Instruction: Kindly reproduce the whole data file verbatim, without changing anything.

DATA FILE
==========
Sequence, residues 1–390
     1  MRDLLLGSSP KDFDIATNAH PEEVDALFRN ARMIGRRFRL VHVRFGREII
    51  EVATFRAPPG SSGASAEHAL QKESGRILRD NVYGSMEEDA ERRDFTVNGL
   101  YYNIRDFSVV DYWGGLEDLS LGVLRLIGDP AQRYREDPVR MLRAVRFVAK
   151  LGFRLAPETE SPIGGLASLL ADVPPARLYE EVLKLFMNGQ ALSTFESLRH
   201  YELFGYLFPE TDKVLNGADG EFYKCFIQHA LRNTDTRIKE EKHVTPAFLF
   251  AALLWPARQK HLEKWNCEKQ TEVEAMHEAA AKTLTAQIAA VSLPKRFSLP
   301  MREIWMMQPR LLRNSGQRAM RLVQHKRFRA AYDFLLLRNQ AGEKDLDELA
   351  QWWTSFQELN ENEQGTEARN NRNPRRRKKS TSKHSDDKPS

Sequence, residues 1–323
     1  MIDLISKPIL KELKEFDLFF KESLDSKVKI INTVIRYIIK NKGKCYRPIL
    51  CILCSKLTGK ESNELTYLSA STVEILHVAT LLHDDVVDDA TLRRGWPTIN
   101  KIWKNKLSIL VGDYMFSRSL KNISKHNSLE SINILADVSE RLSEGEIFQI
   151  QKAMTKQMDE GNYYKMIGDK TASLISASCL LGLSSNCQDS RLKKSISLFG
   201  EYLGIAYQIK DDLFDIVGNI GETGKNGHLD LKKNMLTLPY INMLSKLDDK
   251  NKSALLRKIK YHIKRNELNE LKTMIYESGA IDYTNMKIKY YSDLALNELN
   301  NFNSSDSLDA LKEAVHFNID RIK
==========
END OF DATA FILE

Sequence, residues 1–390
     1  MRDLLLGSSP KDFDIATNAH PEEVDALFRN ARMIGRRFRL VHVRFGREII
    51  EVATFRAPPG SSGASAEHAL QKESGRILRD NVYGSMEEDA ERRDFTVNGL
   101  YYNIRDFSVV DYWGGLEDLS LGVLRLIGDP AQRYREDPVR MLRAVRFVAK
   151  LGFRLAPETE SPIGGLASLL ADVPPARLYE EVLKLFMNGQ ALSTFESLRH
   201  YELFGYLFPE TDKVLNGADG EFYKCFIQHA LRNTDTRIKE EKHVTPAFLF
   251  AALLWPARQK HLEKWNCEKQ TEVEAMHEAA AKTLTAQIAA VSLPKRFSLP
   301  MREIWMMQPR LLRNSGQRAM RLVQHKRFRA AYDFLLLRNQ AGEKDLDELA
   351  QWWTSFQELN ENEQGTEARN NRNPRRRKKS TSKHSDDKPS

Sequence, residues 1–323
     1  MIDLISKPIL KELKEFDLFF KESLDSKVKI INTVIRYIIK NKGKCYRPIL
    51  CILCSKLTGK ESNELTYLSA STVEILHVAT LLHDDVVDDA TLRRGWPTIN
   101  KIWKNKLSIL VGDYMFSRSL KNISKHNSLE SINILADVSE RLSEGEIFQI
   151  QKAMTKQMDE GNYYKMIGDK TASLISASCL LGLSSNCQDS RLKKSISLFG
   201  EYLGIAYQIK DDLFDIVGNI GETGKNGHLD LKKNMLTLPY INMLSKLDDK
   251  NKSALLRKIK YHIKRNELNE LKTMIYESGA IDYTNMKIKY YSDLALNELN
   301  NFNSSDSLDA LKEAVHFNID RIK